Abortion, other controversial issues highlight stark ideological divide between Ohio gubernatorial candidates

Incumbent Governor Mike DeWine, is downplaying his position on abortion rights as Nan Whaley, his challenger in November’s election, looks to mobilize pro-abortion voters.


This election season, Ohioans will make a choice between two candidates who are in many ways ideological opposites – especially concerning hot-button issues like abortion – to serve as their next governor. 

Nan Whaley, a Democrat and former Mayor of Dayton, and Republican Governor Mike DeWine are the candidates facing off in November. DeWine has overseen big changes in Ohio’s abortion laws, originally signing the so-called “heartbeat bill,” which bans abortion after a fetal heartbeat is detected, into law in 2019. The law was blocked by an injunction until late June when the Supreme Court overruled Roe v. Wade. (A new temporary restraining order has since temporarily paused enforcement of the law.)  

The recent Supreme Court ruling on Dobbs v. Jackson has removed the protection for abortion that Roe v. Wade provided. Leading up to the November midterms, Democrats like Whaley have seized on the opportunity to argue that abortion rights now hinge on which legislators and executives are in power.  

“A broader post-Roe shift in the midterm landscape,” Author Hannah Knowles said in a Washington Post article early September, “… has turned what many once anticipated would be a Republican wave into a more competitive fight nine weeks before Election Day.”  

Now that the Supreme Court has overruled Roe, the ball is effectively wholly in each state’s court to determine its own laws regarding abortion rights. This means that states like Ohio, which already had restrictive policies under Roe, could seek even more restrictive abortion regulations. 

Whaley is now making a concerted effort to mobilize pro-choice voters. She takes a strong stance on abortion rights on her campaign website dedicating a whole page to the issue.  

“Now more than ever, Ohio needs a pro-choice, Democratic Governor who will staunchly protect abortion access — especially for people who face greater barriers to access,” Whaley said. “Abortion is on the ballot in 2022.” 

Whaley’s website points out that following the recent Supreme Court decision, the choice of governor will be important on the abortion issue. 

“The next Governor of Ohio will likely be the last line of defence in protecting abortion rights in our state,” Whaley said.  

In contrast, DeWine’s campaign has left his position on abortion more ambiguous. His website, unlike Whaley’s, makes no explicit reference to the abortion debate. DeWine and other state Republicans appear to be winning the abortion debate but seldom talk about it.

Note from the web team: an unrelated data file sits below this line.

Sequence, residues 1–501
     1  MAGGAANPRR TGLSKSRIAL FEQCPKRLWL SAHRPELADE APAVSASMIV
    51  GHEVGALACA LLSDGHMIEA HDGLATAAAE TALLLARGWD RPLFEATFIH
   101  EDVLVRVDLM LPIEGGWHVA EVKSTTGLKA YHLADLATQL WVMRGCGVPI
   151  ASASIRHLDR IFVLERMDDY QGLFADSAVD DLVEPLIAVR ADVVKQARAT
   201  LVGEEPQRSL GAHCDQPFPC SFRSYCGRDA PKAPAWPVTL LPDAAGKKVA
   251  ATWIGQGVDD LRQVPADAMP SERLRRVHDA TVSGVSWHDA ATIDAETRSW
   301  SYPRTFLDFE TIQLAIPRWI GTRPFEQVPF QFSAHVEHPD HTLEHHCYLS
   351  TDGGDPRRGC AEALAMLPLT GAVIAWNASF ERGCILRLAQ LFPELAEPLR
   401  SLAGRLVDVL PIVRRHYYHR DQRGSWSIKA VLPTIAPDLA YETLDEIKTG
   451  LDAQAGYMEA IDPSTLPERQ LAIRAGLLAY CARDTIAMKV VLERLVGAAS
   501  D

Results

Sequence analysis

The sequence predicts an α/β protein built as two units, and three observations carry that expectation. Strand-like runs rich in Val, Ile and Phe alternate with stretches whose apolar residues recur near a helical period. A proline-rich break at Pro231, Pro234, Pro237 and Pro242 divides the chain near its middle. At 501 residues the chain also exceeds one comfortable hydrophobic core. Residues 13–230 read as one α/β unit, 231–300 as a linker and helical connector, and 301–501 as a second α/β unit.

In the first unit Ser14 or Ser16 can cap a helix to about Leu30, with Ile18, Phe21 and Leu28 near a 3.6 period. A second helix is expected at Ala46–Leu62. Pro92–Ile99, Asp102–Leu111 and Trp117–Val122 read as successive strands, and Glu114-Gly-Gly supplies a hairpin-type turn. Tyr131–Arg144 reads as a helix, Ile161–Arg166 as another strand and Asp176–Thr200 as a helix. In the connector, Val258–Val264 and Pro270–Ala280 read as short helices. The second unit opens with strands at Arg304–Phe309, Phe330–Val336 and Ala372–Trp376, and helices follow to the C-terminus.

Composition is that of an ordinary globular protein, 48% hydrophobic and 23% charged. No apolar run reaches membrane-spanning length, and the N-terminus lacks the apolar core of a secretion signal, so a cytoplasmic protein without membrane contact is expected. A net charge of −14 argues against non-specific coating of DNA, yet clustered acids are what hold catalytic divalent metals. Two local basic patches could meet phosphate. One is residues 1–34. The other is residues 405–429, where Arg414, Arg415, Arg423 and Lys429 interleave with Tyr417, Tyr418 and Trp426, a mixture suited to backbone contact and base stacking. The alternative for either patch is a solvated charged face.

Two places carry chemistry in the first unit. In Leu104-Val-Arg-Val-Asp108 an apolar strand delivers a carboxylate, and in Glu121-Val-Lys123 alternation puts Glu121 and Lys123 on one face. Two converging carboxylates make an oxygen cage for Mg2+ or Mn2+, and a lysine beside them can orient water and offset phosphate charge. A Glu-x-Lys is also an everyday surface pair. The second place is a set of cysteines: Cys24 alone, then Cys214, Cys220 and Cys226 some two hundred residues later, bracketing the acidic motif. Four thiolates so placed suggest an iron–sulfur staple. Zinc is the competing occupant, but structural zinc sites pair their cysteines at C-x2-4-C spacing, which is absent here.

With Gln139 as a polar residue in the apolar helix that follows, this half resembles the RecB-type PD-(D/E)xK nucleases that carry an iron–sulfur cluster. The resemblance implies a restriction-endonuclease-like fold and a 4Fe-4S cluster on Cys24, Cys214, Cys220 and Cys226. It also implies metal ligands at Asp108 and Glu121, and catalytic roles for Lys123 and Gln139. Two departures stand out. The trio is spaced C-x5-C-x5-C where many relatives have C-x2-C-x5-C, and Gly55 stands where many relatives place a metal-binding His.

Although his campaign website does not mention the issue, DeWine, along with Attorney General David Yost, moved quickly to trigger the abortion ban. 

Despite the Dobbs v. Jackson ruling potentially increasing the competitiveness of the race, poll numbers have DeWine solidly ahead of Whaley. According to FiveThirtyEight, as of Sept. 11, DeWine has a 15.7 percent lead on Whaley in the polls. Ohioan respondents prefer DeWine at 52.2 percent, while 36.5 percent prefer Whaley. 

The candidate’s division extends to gun policy. Under DeWine, gun laws have become less strict. Civilians over 21 can concealed carry without any permit or training.  

Whaley, who was the Mayor during Dayton’s mass shooting in August 2019, criticized Dewine’s inaction on gun-reform despite making a promise to “do something” the night of the incident.  

“He gave up without a fight when the politics got too hard,” Whaley said in late May at a vigil for those who died in the Dayton shooting. 

The candidates themselves are contrasted in experience. DeWine will finish his first term as Ohio governor in January. DeWine has been in public office since 1976 and has been in a wide variety of government positions, including being a United States senator, and he was once the Ohio Lieutenant Governor. 

Whaley was the executive director of the Montgomery County Democratic Party. It was not until 2014 that she became mayor of Dayton, serving until January. She was also a superdelegate in the 2016 Democratic National Convention.